As the security situation deteriorated, the position of the United Nations-backed government led by President Abdrabbuh Mansur Hadi became perilous. Confined to operating out of a small part of Aden–Yemen’s second largest city–his control of the country rapidly disappeared.
One devastating result was that government workers remained unpaid, creating deplorable conditions. Unattended sewage and water treatment plants caused a major cholera outbreak in April 2017. Such was the scale of this outbreak that it spread to 21 of Yemen’s 22 provinces and claimed the lives of at least 1,614 people–many of them children.
This total, and the nearly 270,000 infected, are more than the total number of cases reported to the World Health Organization in 2016. It is a humanitarian disaster unfolding daily.
Some that survive the ravages of disease succumb to hunger, as starvation is not far away for many in the community. In such situations, Al Qaeda, with its emphasis on protecting civilians, can gain traction on the ground. They provide a form of governance that people desperate for security will crave.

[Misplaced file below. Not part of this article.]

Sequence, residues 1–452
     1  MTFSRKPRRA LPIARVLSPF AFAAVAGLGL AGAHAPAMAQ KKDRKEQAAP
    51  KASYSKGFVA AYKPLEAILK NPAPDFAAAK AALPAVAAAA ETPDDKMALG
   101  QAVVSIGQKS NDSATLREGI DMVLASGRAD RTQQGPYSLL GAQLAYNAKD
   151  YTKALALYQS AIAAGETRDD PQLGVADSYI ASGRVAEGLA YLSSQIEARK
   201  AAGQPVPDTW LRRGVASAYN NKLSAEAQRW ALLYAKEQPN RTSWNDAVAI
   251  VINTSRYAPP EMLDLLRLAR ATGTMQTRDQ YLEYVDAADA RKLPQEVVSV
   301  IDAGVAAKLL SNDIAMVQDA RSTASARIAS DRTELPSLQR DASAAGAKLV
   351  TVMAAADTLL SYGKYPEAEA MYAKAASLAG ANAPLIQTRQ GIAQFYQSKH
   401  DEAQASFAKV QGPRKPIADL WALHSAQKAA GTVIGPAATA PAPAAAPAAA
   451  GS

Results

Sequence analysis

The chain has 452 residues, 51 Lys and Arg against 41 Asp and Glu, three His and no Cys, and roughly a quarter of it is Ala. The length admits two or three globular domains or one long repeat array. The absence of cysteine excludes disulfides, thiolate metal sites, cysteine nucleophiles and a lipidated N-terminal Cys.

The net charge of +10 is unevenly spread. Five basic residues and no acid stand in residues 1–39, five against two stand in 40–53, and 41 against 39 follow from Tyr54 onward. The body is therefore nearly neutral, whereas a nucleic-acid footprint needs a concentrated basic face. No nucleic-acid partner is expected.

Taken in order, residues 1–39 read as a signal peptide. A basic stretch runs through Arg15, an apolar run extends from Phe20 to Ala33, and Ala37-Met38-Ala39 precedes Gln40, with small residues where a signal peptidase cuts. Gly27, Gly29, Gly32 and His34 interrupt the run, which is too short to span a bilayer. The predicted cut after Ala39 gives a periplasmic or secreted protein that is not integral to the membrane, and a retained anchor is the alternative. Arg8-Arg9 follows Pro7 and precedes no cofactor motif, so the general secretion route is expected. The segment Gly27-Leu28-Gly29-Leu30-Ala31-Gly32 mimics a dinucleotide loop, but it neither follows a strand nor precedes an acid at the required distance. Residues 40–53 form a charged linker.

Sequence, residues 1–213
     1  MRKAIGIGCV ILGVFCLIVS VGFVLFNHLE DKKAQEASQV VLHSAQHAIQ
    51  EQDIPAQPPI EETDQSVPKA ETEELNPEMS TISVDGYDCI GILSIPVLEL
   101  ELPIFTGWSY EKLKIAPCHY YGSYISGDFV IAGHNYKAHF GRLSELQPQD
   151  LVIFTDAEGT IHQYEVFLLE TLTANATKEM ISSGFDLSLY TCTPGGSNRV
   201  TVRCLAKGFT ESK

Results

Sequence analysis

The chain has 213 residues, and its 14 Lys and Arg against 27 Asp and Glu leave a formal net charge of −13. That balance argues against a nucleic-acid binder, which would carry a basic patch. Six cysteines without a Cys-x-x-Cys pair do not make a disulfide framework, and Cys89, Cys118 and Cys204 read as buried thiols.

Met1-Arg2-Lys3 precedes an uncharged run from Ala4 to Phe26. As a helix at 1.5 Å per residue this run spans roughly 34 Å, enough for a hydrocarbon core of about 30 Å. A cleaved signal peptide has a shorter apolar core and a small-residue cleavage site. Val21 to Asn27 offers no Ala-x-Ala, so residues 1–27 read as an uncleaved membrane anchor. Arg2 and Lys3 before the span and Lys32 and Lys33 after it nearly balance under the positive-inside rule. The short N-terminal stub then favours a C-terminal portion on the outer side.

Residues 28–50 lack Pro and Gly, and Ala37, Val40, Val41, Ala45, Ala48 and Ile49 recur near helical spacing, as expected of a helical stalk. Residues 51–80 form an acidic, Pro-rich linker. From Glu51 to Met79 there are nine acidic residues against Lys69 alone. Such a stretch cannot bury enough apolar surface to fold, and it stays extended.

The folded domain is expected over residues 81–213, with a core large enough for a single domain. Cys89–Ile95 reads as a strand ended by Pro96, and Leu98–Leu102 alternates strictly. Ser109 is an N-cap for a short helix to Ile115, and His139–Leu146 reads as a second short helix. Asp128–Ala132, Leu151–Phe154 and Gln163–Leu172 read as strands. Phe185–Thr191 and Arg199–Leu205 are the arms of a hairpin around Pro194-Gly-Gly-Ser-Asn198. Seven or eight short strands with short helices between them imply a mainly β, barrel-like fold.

Ironically, as the security and overall food situation declines, so do Al Qaeda’s actions and narrative to gain supporters on the ground. The insecurity that Al Qaeda creates helps them win over the population. That creates support which inevitably gives Al Qaeda a greater footprint and leads to more attacks that create further insecurity.
It is a vicious circle that is very difficult to break. With little hope of political progress, the situation in Yemen looks increasingly grave. That can only mean that air strikes will have to continue, prolonging the misery for Yemenis who wish to seek an end to the chaos.
Yemen’s problems provide an important insight into the nature of the global threat we now face. While the combination of air strikes and Special Forces operations provide an ability to contain a situation, they alone do not solve it. That requires political will. Sadly, that is a commodity in short supply in a country being used, like Afghanistan before it, as a play thing for the two regional superpowers—Iran and Saudi-Arabia.